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I’m writing this from my sister’s sofa, which makes a change from my sofa, which is where I’ve spent most of my time for the past six weeks or so. I found out I was pregnant at the beginning of October – in fact, a few days before I headed down to Swindon Poetry Festival and I’m now 12 weeks and have had the first scan. I even saw the baby stretching and yawning which was pretty amazing. I look back now on that first week when I found out I was pregnant with fondness now – although it was a lot to get my head around, I had no idea how quickly my life was going to change. I naively thought that I would gradually slow down as I got bigger, that I would have to gradually start not rushing around as much. However my body and the baby had other ideas.

From about week six I’ve really suffered with morning sickness and extreme fatigue. I had no idea how debilitating morning sickness could be. And the tiredness – about ten years ago I had tonsilitis and because I didn’t rest properly I developed post-viral fatigue syndrome afterwards, and I feel exactly the same as I did then. For much of the time between week six and now I’ve had to lie down on the sofa or in bed. I’ve been unable to read or concentrate on anything other than bad television. I’ve felt sick 24 hours a day, although at the moment I’m mostly being sick in the morning.

I went on a holiday with two friends to Spain in about week 8 or 9 which was a huge mistake. I spent the whole long weekend in bed and couldn’t keep any food down, which then progressed to not being able to keep any fluids down, so I ended up having to call the doctor out and then being sent to hospital and put on various drips – severely dehydrated for the second time in as many months. I nearly missed my flights home because I was too ill to be discharged – it was possibly the most stressful thing that has happened to me. I was diagnosed with hyperemesis gravidarum or extreme morning sickness.

Since I got back from Spain, I am a lot better. I’m still being sick but not constantly sick. Just before the first scan there was an unfortunate projectile vomiting incident in the hospital canteen, where I managed to throw up not just on the floor but on my own shoes, and the deep cleaning team had to come out to clean it up, which was possibly one of the most humiliating experiences ever. But in general, I am managing to keep food down now and I’m managing to drink and stay hydrated. I am managing to get out and do some readings and teaching but I’m having to take it very easy, which anyone who knows me will know how much I will be struggling with this concept.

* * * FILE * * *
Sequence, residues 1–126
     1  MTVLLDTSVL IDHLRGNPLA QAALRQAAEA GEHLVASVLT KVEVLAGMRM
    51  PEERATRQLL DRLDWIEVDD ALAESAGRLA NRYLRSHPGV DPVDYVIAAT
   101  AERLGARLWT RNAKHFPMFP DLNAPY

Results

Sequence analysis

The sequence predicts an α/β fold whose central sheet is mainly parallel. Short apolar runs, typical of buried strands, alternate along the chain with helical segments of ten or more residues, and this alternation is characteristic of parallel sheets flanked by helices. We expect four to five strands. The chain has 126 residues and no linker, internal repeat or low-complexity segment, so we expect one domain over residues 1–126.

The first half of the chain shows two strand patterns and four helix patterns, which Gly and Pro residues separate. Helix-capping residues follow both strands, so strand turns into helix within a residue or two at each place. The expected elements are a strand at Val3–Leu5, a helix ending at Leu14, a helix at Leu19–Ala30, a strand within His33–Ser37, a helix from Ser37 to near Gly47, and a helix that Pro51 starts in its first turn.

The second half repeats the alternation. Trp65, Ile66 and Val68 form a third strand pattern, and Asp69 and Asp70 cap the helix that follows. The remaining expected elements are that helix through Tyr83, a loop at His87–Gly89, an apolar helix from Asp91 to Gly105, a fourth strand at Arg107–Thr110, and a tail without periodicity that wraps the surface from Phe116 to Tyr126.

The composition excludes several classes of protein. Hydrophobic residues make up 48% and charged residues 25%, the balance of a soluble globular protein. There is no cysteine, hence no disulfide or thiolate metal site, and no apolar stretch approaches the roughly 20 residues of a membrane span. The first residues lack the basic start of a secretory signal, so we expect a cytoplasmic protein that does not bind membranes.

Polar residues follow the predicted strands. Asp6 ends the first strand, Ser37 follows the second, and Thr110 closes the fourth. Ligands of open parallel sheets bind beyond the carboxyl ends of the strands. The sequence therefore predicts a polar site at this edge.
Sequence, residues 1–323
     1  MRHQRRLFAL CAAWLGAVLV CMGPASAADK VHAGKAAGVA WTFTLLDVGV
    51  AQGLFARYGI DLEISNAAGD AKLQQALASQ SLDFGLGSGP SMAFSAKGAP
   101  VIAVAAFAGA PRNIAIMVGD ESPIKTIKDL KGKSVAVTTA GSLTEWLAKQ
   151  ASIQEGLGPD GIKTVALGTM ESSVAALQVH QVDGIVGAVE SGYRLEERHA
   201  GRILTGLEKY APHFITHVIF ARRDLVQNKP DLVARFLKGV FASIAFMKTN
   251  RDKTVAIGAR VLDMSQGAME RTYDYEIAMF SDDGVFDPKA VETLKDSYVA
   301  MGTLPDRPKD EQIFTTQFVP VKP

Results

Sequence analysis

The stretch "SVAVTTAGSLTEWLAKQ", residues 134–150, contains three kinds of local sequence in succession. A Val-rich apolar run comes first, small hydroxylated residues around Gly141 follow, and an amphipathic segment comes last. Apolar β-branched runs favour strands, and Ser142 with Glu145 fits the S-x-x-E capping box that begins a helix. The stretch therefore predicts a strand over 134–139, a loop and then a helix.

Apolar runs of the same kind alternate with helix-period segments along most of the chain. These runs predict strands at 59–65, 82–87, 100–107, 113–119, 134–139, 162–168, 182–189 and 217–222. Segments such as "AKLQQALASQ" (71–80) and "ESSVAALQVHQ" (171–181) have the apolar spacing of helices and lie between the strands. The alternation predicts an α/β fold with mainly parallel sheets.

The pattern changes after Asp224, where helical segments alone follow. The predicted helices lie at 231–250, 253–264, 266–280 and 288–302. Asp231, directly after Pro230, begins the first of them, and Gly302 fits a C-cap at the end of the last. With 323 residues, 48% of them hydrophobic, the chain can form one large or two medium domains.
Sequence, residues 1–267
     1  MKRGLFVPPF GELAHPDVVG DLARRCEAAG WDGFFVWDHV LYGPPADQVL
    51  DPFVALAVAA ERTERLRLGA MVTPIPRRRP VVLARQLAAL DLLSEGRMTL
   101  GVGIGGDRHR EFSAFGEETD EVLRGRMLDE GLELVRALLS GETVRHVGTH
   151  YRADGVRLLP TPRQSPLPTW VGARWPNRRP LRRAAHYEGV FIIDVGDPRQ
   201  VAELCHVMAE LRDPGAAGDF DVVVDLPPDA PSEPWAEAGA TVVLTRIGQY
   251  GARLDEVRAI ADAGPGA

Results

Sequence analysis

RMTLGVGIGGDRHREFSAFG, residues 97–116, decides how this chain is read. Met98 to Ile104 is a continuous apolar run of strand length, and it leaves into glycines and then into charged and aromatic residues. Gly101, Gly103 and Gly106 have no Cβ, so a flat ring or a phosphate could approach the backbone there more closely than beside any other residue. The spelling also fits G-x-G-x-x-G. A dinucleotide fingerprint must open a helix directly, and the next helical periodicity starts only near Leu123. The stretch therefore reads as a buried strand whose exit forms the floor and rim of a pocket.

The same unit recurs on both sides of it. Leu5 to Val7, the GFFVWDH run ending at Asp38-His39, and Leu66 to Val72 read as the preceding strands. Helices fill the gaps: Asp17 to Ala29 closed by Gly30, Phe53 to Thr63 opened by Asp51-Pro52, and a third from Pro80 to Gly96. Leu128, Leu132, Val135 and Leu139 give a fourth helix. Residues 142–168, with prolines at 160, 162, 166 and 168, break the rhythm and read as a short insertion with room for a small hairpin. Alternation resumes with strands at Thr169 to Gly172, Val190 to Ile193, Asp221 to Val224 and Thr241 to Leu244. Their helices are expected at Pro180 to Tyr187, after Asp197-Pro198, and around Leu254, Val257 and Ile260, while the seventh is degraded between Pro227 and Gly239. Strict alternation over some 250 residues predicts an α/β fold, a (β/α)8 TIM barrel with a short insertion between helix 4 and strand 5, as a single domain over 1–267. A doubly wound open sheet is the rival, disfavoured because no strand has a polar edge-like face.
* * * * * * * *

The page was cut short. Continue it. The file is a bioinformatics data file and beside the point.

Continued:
I’m blogging about this because I’m currently lying on the sofa feeling extremely sorry for myself! I only went public with being pregnant a few days ago on social media, and whilst it has been lovely to read everybody’s congratulations, part of me can’t feel any of it at the moment because I feel so bloody ill. So if you’re waiting for a reply to something and it’s been a while, please give me a nudge. It’s not that I’m ignoring you or don’t care, it’s just that I’m really struggling at the moment with the simplest things, and keeping up with emails etc has been hard.

My conclusions from the whole experience of pregnancy so far (all 12 weeks of it) is that women are really hardcore! I can’t believe the stuff they put up with – I know not everybody gets extreme morning sickness, but even the regular kind is pretty awful, and yet they go to work, look after other children etc etc.

I’ve also realised that I measure a lot of my self worth by what I ‘achieve’ each day – and having not been able to achieve anything (apart from making a baby of course) I’ve found it really hard to stay positive – that’s a bit of an understatement. I’ve felt pretty terrible, but I’ve also realised that measuring my self worth in that way probably isn’t the healthiest thing to do either. I wouldn’t say I’ve completely shaken this habit off, but I’m trying to change the way I think.

So, for now, I’ll sign off but I will say before I go, that if one more person tells me to try ginger biscuits, I will not be responsible for my actions!

Poems from the Duchess High School in Alnwick, Northumberland